Two weeks ago the Phillies demoted Darin Ruf to Triple-A and he won’t be back in Philadelphia anytime soon, as Ryan Lawrence of the Philadelphia Daily News reports that the 27-year-old first baseman/outfielder has a broken bone in his left wrist.
The injury stems from a collision with the outfield wall on June 2, but the initial diagnosis did not find any fractures. Apparently a follow-up exam saw something different, so now Ruf is out for … well, actually the Phillies haven’t given an official recovery timetable yet. Lawrence speculates that Ruf will be sidelined for at least a month and that’s just until he can get back into the Triple-A lineup.
Ruf has hit well in the majors, smacking 18 homers with an .830 OPS in 92 games for the Phillies, but with Ryan Howard entrenched at first base there isn’t much room for him unless they want to take a big hit defensively. He’s too good offensively to deserve being stuck at Triple-A, but for now that’s a moot point.
All spring training there was at least some mild confusion about Nationals first baseman Ryan Zimmerman. He played in almost no regular big league spring training games, instead, staying on the back fields, playing in simulated and minor league contests. When that usually happens, it’s because a player is rehabbing or even hiding an injury, but the Nats insisted that was not the case with Zimmerman. Not everyone believed it. I, for one, was skeptical.
The skepticism was unwarranted, as Zimmerman answered the bell for Opening Day and has played all season. As Jared Diamond of the Wall Street Journal writes today, it was all by design. He skipped spring training because he doesn’t like it and because he thinks it’ll help him avoid late-season injuries and slowdowns, the likes of which he has suffered over the years.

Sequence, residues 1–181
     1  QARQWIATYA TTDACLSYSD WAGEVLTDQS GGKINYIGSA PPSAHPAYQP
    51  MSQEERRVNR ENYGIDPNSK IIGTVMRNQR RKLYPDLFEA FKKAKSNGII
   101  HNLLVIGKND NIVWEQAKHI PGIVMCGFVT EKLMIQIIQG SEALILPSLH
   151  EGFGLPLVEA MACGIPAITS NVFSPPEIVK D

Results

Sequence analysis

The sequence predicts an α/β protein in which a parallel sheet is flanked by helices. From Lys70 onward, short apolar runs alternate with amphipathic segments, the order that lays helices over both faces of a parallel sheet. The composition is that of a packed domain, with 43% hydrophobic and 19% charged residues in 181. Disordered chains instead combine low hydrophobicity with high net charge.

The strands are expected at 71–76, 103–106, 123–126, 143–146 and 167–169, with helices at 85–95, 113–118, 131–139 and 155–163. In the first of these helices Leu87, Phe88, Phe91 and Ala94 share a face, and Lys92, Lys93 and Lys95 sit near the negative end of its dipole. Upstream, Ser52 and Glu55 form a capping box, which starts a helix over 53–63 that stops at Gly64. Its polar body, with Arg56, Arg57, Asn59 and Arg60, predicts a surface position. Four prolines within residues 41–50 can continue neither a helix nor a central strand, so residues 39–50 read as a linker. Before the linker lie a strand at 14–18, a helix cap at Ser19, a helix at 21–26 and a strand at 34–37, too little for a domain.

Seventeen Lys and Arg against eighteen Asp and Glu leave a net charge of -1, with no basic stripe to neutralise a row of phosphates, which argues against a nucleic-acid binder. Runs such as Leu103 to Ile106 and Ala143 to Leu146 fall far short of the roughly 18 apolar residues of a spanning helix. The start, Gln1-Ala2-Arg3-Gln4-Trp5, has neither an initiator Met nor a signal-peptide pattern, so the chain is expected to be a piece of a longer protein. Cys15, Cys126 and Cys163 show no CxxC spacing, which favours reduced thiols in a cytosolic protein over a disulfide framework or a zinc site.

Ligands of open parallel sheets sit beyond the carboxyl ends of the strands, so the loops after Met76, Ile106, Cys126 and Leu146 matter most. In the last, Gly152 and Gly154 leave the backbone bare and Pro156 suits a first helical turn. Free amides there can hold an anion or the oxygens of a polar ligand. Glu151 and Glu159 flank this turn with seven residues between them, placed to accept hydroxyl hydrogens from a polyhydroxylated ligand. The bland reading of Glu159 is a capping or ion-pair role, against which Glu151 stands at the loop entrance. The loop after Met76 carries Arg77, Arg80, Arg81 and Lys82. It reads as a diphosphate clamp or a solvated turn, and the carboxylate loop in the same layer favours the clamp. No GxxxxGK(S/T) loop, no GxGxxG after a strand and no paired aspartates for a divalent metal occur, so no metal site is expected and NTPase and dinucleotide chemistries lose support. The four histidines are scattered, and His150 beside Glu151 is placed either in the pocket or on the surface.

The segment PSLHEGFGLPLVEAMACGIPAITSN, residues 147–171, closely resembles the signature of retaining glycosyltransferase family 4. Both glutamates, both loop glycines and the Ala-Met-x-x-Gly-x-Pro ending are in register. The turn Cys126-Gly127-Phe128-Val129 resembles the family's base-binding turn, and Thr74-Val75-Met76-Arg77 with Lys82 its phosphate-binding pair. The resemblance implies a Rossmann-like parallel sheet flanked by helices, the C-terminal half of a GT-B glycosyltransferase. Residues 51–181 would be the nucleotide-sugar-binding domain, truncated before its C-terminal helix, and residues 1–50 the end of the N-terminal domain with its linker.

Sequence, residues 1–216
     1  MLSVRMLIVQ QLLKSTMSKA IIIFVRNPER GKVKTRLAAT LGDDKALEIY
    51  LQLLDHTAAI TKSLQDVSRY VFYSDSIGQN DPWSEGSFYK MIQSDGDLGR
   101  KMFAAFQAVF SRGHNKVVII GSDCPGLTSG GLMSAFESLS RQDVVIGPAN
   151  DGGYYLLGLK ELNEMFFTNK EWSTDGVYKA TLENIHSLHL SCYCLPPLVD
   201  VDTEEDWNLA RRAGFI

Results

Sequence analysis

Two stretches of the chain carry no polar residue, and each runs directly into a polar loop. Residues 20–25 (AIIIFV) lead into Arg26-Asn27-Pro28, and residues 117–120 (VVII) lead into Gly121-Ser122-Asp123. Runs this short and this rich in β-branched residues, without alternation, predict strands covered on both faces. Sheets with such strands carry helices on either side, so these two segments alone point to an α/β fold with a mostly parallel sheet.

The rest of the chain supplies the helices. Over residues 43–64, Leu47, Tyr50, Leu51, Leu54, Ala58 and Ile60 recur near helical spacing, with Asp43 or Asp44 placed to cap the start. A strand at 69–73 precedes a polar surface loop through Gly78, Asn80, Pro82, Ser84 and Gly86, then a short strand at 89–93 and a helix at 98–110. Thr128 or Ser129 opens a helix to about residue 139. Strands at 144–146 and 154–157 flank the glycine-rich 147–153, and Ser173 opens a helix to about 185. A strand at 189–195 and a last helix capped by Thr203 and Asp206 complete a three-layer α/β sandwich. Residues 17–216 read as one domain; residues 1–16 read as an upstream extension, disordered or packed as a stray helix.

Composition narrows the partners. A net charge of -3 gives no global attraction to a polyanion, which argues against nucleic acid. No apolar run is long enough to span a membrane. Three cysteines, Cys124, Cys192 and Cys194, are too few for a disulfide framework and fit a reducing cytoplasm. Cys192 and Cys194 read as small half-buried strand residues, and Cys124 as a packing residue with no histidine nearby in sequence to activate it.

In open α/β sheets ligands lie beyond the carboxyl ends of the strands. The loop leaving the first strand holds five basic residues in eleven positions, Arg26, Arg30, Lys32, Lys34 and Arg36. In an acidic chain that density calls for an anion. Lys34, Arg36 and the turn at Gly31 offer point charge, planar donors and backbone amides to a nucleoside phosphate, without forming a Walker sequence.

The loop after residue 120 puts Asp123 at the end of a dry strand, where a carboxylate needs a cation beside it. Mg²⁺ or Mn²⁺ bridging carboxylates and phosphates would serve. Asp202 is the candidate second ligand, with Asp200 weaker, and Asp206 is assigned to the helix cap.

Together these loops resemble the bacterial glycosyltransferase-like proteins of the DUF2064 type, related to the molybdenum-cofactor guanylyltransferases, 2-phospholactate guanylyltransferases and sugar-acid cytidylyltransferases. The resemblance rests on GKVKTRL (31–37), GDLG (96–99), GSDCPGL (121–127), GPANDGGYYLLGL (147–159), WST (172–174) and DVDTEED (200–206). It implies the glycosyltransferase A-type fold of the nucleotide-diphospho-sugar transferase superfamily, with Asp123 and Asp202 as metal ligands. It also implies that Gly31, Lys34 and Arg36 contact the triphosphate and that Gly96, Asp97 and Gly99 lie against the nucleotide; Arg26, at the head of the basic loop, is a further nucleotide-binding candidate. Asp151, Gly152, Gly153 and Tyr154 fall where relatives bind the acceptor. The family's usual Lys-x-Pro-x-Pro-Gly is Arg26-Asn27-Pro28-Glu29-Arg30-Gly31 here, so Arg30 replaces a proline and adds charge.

It’s hard to really judge this now, of course. On the one hand Zimmerman has started really slow this season. What’s more, he has started to show signs of warming up only in the past week, after getting almost as many big league, full-speed plate appearances under his belt as a normal spring training would’ve given him. On the other hand, April is his worst month across his entire 14-year career, so one slow April doesn’t really prove anything and, again, Zimmerman and the Nats will consider this a success if he’s healthy and productive in August and September.
It is sort of a missed opportunity, though. Players hate spring training. They really do. if Zimmerman had made a big deal out of skipping it and came out raking this month, I bet a lot more teams would be amenable to letting a veteran or three take it much more easy next spring. Good ideas can be good ideas even if they don’t produce immediately obvious results, but baseball tends to encourage a copycat culture only when someone can point to a stat line or to standings as justification.
Way to ruin it for everyone, Ryan. 😉